I attended a recent event held in the Maldron Hotel in Derry. The event which was organised by the Strabane AYE Project and chaired by Independent Councillor Paul Gallagher consisted of an information session followed by a broad discussion on mental health, drugs misuse and addiction.
I can honestly say that this event was one of the most informative sessions I have ever attended with the focus on a proactive and pragmatic approach to the growing drugs and addiction crisis. Communication, education and less condemnation was the general message from those who have experienced addiction, from organisations who work with those suffering from addiction and from Foyle Search and Rescue who in many cases deal with the aftermath.
Starting the discussion was Brendan Magee a drugs counsellor from Dublin who has personal experience of drug addiction. Brendan grew up as one of eight children in a home where domestic violence was prevalent which had a profound impact on him. Brendan who is now 12 years free of drugs provided a contribution which was truly inspirational and proof that there is life after addiction with determination and essentially, statutory and community support.
The next speaker was Fr Peter McVerry who began his address with advising the audience that ‘drugs are here to stay’ and explained that the problem is not just confined to young people from poorer areas. And, with the levels of profit to be made, the situation is set to get worse which is why we need to be educating young people into the dangers of drugs .
In his address Fr McVerry outlined how we as a community need to stop marginalising people affected by drug and substance misuse and that we need to start treating drugs misuse as a social and medical problem. A problem which ultimately requires investment in medical centres, qualified staff and after care instead of relying on the criminal justice system as a means of dealing with issues that require medical care as opposed to criminalisation.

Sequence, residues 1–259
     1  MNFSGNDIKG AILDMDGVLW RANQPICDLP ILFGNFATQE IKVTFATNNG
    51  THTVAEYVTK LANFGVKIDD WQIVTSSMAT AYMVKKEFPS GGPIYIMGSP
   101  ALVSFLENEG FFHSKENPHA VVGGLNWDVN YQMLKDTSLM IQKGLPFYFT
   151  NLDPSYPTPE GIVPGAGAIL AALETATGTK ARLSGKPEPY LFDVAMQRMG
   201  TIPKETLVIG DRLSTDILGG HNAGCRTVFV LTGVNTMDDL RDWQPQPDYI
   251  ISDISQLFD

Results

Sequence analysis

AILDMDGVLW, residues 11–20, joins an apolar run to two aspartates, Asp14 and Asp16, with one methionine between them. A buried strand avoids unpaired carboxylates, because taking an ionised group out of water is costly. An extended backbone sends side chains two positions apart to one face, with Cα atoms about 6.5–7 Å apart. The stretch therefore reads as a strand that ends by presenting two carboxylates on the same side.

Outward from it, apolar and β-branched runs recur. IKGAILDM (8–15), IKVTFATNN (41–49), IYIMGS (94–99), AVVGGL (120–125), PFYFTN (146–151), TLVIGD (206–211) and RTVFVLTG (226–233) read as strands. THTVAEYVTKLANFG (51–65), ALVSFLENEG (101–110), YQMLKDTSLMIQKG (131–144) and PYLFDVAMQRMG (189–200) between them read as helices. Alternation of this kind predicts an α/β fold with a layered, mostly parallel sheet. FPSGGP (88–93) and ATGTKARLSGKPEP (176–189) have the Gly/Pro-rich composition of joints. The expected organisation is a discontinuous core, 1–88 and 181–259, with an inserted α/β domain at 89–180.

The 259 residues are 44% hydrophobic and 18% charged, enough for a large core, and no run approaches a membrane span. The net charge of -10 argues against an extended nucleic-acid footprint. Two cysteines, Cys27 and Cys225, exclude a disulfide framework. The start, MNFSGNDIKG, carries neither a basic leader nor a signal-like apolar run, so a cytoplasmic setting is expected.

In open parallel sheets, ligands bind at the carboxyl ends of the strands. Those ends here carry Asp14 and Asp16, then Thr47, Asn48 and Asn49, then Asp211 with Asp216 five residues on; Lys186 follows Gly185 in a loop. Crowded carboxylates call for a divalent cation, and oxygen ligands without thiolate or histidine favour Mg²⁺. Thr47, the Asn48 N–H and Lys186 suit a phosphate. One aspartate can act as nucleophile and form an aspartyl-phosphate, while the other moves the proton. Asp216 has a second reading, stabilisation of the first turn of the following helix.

Next to address the audience was Stephen from Foyle Search and Rescue. Through his contribution Stephen gave some background information on the work carried out by Foyle Search and Rescue and provided the following statistics:
In 25 years:
130 people died in the river
330 people have been rescued
3000 people were stopped from entering the river
Last year alone Foyle Search and Rescue dealt with 338 incidents
17 people entered the river
317 people were found in distress, some as young as 14-16, the majority of which were alcohol and drugs related
7 people died after entering the river
Stephen further spoke of how the assistance provided by Foyle Search and Rescue in respect of safeguarding those in crisis consists of referring people to the police or hospital from where they can be discharged within hours. Stephen described this as totally inadequate.
Dessie Kyle from HURT provided background information on HURT and outlined information on a range of accredited courses they regularly offer in a bid to increase education on drugs misuse and addiction. Dessie when speaking about the lack of resources raised issue the fact that a funding application for a Crisis Intervention Service from HURT in conjunction with Foyle Search & Rescue was rejected via the OFMDFM Social Investment Fund 5 years ago. Dessie as with the other panellists believes that criminalising people with addiction problems is not the answer but that education and investment are key to addressing these issues.